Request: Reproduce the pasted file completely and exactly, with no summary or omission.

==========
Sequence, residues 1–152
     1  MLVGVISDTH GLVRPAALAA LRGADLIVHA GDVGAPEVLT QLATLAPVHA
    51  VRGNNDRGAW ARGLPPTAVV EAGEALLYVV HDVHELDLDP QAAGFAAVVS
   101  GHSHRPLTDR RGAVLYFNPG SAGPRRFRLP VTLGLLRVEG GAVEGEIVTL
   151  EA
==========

Sequence, residues 1–152
     1  MLVGVISDTH GLVRPAALAA LRGADLIVHA GDVGAPEVLT QLATLAPVHA
    51  VRGNNDRGAW ARGLPPTAVV EAGEALLYVV HDVHELDLDP QAAGFAAVVS
   101  GHSHRPLTDR RGAVLYFNPG SAGPRRFRLP VTLGLLRVEG GAVEGEIVTL
   151  EA